Research has actually shown that you are the most productive for the first 3 hours[2] of your day. Utilize this time! Don’t waste it on trivial decisions such as what to wear, or mindlessly scrolling through social media.

    Instead, use this time to tweak your game plan. What do you want to accomplish? What can you improve? What steps do you need to take to reach these goals?

    2. Form Habits to Reduce Decision Making

    You don’t have to choose all the time.

    Breakfast is the most important meal of the day, but it doesn’t have to be an extravagant spread every morning. Make a habit out of eating a similar or quick breakfast, and cut that step of your morning out of the way. Can’t decide what to wear? Pick the first thing that catches your eye. We both know that after 20 minutes of changing outfits you’ll just go with the first thing anyway.

    Powerful individuals such as Steve Jobs, Barack Obama, and Mark Zuckerberg don’t waste their precious time deciding what to wear. In fact, they have been known to limiting their outfits down to two options in order to reduce their daily decision making.

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    3. Take Frequent Breaks for a Clearer Mind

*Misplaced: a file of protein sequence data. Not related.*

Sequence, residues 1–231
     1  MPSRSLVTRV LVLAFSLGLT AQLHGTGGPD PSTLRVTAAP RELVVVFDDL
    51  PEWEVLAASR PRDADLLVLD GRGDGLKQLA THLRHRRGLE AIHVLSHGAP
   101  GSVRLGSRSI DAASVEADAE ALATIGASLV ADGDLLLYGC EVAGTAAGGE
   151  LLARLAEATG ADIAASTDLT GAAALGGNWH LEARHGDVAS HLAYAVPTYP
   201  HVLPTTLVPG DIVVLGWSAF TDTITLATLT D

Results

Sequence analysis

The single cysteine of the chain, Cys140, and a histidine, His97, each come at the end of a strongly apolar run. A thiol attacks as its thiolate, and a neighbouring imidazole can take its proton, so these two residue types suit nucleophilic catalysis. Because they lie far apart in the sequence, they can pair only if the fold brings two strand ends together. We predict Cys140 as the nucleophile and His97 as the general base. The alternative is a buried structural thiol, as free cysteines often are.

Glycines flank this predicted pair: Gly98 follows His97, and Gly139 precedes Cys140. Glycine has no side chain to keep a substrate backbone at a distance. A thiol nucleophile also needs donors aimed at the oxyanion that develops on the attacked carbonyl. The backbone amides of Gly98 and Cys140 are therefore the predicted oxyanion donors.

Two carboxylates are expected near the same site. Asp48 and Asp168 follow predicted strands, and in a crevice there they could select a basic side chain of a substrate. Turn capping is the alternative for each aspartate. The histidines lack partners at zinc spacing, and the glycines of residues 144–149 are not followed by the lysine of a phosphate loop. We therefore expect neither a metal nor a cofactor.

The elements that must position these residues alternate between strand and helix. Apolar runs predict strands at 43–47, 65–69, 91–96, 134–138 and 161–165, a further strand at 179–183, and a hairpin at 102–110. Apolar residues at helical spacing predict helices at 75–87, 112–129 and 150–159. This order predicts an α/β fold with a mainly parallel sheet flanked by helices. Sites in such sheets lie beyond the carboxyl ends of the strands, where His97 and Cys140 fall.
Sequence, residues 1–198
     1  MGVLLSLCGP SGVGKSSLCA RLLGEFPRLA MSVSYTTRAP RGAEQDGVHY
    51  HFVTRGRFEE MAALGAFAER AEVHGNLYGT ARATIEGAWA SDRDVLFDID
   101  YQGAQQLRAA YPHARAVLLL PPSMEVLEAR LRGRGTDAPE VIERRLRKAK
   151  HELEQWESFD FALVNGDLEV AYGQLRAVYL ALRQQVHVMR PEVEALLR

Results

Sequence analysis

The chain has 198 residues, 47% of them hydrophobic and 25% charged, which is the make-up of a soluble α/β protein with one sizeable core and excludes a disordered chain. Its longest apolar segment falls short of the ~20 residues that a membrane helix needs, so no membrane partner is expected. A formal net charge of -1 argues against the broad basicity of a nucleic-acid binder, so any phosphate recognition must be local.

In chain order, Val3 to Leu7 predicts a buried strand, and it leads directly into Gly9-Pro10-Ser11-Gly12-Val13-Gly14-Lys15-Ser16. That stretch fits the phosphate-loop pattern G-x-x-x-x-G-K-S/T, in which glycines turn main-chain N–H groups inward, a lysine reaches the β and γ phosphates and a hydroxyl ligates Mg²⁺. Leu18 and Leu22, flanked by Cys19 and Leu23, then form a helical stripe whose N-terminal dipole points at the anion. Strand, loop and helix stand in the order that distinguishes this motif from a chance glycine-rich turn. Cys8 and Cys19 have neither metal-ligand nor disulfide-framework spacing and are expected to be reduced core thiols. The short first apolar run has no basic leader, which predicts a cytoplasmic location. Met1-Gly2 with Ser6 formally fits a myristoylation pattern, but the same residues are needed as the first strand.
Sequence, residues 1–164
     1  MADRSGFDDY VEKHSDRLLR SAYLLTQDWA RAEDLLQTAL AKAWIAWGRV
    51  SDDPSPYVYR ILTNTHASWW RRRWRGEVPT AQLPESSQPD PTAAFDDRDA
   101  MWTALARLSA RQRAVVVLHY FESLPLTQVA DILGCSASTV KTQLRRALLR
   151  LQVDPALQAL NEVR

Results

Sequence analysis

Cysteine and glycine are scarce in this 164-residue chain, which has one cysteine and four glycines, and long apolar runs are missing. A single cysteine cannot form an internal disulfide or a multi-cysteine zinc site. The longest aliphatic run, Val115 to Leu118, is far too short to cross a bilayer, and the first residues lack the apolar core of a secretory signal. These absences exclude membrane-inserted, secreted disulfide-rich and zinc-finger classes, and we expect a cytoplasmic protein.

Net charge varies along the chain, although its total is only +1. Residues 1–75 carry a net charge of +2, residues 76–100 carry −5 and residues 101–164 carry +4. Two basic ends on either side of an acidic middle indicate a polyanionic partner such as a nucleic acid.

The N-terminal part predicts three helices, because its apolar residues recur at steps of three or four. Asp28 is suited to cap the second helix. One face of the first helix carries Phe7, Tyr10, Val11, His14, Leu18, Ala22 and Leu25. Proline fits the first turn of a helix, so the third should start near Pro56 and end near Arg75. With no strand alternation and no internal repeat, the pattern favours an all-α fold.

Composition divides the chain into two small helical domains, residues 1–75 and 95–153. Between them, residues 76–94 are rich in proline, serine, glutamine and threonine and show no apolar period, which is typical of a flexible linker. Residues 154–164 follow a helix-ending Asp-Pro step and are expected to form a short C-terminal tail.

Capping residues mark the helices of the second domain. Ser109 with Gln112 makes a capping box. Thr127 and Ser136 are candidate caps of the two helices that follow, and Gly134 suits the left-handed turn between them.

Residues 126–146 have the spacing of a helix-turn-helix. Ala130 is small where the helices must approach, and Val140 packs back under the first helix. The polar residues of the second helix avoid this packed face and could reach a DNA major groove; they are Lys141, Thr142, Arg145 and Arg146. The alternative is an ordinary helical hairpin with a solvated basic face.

You are at your peak of productivity after a break, so to reap the benefits, you need to take lots of breaks! I know, what a sacrifice. If judges make better decisions in the morning and after their lunch break, then so will you.

    The reason for this is because the belly is now full, and the hunger is gone. Roy Baumeister, Florida State University social psychologist[3] had found that low-glucose levels take a negative toll on decision making. By taking a break to replenish your glucose levels, you will be able to focus better and improve your decision making abilities.

    Even if you aren’t hungry, little breaks are still necessary to let your mind refresh, and come back being able to think more clearly.

    Structure your break times. Decide beforehand when you will take breaks, and eat energy sustaining snacks so that your energy level doesn’t drop too low. The time you “lose” during your breaks will be made up in the end, as your productivity will increase after each break.

    So instead of slogging through your day, letting your mind deteriorate and fall victim to the daily abuses of decision making, take a break, eat a snack. Let your mind refresh and reset, and jump-start your productivity throughout the day.

    More Tips About Decision Making

    Featured photo credit: Kelly Sikkema via unsplash.com

    Reference